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molecular neuroscience

Marco Palombo, Daniel C Alexander, Hui Zhang
To date, numerical simulations of the brain tissue have been limited by their lack of realism and flexibility. The purpose of this work is to propose a controlled and flexible generative model for brain cell morphology and an efficient computational pipeline for the reliable and robust simulation of realistic cellular structures with application to numerical simulation of intra-cellular diffusion-weighted MR (DW-MR) signal features. Inspired by the advances in computational neuroscience for modelling brain cells, we propose a generative model that enables users to simulate molecular diffusion within realistic digital brain cells, such as neurons, in a completely controlled and flexible fashion...
December 12, 2018: NeuroImage
Luis A Natividad, Matthew W Buczynski, Daniel B McClatchy, John R Yates
Drug addiction is a complex disorder driven by dysregulation in molecular signaling across several different brain regions. Limited therapeutic options currently exist for treating drug addiction and related psychiatric disorders in clinical populations, largely due to our incomplete understanding of the molecular pathways that influence addiction pathology. Recent work provides strong evidence that addiction-related behaviors emerge from the convergence of many subtle changes in molecular signaling networks that include neuropeptides (neuropeptidome), protein-protein interactions (interactome) and post-translational modifications such as protein phosphorylation (phosphoproteome)...
December 9, 2018: Proteomes
Alexander V Gourine, Gareth L Ackland
Lower resting heart rate and high autonomic vagal activity are strongly associated with superior exercise capacity, maintenance of which is essential for general well-being and healthy aging. Recent evidence obtained in experimental studies using the latest advances in molecular neuroscience, combined with human exercise physiology, physiological modeling, and genomic data suggest that the strength of cardiac vagal activity causally determines our ability to exercise.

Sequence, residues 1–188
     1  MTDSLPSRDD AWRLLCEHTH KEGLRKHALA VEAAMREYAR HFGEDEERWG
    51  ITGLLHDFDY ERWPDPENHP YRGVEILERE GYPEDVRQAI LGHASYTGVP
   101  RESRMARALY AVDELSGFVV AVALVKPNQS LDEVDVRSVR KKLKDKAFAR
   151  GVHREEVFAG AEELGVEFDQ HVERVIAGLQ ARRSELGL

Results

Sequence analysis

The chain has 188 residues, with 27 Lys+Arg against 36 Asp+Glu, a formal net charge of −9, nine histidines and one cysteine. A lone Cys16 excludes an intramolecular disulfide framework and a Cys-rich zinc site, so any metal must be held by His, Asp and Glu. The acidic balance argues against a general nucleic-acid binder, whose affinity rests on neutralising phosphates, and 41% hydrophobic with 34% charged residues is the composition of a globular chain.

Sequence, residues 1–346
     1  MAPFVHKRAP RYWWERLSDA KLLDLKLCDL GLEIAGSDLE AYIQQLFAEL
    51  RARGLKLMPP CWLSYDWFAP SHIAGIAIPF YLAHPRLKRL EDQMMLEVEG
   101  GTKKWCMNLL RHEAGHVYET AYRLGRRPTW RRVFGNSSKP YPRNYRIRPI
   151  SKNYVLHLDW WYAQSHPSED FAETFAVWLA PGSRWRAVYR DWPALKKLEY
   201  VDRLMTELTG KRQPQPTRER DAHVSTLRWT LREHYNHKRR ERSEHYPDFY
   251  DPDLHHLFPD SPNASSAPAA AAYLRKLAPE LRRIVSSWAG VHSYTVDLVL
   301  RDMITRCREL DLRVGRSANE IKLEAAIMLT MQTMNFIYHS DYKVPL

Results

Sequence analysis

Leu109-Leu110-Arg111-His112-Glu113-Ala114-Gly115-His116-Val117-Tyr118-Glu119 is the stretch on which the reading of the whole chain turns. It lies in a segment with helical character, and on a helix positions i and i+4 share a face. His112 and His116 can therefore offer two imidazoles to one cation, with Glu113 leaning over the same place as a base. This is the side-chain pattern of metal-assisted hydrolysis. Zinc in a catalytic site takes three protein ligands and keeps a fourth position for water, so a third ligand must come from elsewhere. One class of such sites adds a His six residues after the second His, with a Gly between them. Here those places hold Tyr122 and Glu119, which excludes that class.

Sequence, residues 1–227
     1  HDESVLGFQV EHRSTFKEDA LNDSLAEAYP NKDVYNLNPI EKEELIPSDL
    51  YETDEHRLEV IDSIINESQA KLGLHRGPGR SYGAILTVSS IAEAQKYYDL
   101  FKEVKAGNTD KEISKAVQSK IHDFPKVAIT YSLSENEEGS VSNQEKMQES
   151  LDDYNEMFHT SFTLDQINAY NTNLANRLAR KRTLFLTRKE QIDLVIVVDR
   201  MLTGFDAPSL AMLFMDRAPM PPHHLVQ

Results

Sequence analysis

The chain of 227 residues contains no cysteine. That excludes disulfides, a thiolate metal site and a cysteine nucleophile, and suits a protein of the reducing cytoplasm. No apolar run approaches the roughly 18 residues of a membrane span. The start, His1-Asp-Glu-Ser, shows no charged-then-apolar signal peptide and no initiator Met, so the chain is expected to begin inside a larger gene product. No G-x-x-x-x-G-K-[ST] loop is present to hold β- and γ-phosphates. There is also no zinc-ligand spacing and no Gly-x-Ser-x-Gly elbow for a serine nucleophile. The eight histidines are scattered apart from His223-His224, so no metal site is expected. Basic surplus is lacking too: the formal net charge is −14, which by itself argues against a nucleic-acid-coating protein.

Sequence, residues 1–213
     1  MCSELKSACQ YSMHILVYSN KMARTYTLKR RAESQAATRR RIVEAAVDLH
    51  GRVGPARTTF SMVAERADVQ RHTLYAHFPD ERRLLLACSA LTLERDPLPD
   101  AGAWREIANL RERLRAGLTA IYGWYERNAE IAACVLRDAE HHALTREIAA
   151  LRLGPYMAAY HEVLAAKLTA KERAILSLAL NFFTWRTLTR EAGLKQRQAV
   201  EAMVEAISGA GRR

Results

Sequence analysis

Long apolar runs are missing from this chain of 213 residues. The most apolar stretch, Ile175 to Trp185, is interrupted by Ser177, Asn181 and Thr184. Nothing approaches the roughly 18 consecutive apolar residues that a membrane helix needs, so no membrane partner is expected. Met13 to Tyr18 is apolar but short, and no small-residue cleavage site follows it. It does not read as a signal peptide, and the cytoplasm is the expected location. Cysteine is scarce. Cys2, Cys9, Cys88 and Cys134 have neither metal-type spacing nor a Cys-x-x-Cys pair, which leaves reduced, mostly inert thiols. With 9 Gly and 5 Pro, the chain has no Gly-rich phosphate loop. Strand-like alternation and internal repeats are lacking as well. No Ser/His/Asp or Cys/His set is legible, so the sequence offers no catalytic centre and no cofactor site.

January 1, 2019: Physiology
Eran A Mukamel, John Ngai
The diversity of brain cell types was one of the earliest observations in modern neuroscience and continues to be one of the central concerns of current neuroscience research. Despite impressive recent progress, including single cell transcriptome and epigenome profiling as well as anatomical methods, we still lack a complete census or taxonomy of brain cell types. We argue this is due partly to the conceptual difficulty in defining a cell type. By considering the biological drivers of cell identity, such as networks of genes and gene regulatory elements, we propose a definition of cell type that emphasizes self-stabilizing regulation...
December 6, 2018: Current Opinion in Neurobiology
Jesse M Gray, Ivo Spiegel
Experience leaves a lasting mark on neural circuit function in part through activity-regulated gene (ARG) expression. New genome wide approaches have revealed that ARG programs are highly cell-type-specific, raising the possibility that they mediate different forms of experience-dependent plasticity in different cell types. The cell-type specificity of these gene programs is achieved by a combination of cell-intrinsic mechanisms that determine the transcriptional response of each neuronal subtype to a given stimulus and by cell-extrinsic mechanisms that influence the nature of the stimulus a cell receives...
December 4, 2018: Current Opinion in Neurobiology
Abraham Z Snyder, Adam Q Bauer
Mapping the structural and functional connectivity of the brain is a major focus of systems neuroscience research and will help to identify causally important changes in neural circuitry responsible for behavioral dysfunction. Several methods for examining brain activity in humans have been extended to rodent and monkey models in which molecular and genetic manipulations exist for linking to human disease. In this review, which is part of a special issue focused on bridging brain connectivity information across species and spatiotemporal scales, we address mapping brain activity and neural connectivity in rodents using optogenetics in conjunction with either functional magnetic resonance imaging or optical intrinsic signal imaging...
October 29, 2018: Biological Psychiatry: Cognitive Neuroscience and Neuroimaging
Matthew W Johnson, Peter S Hendricks, Frederick S Barrett, Roland R Griffiths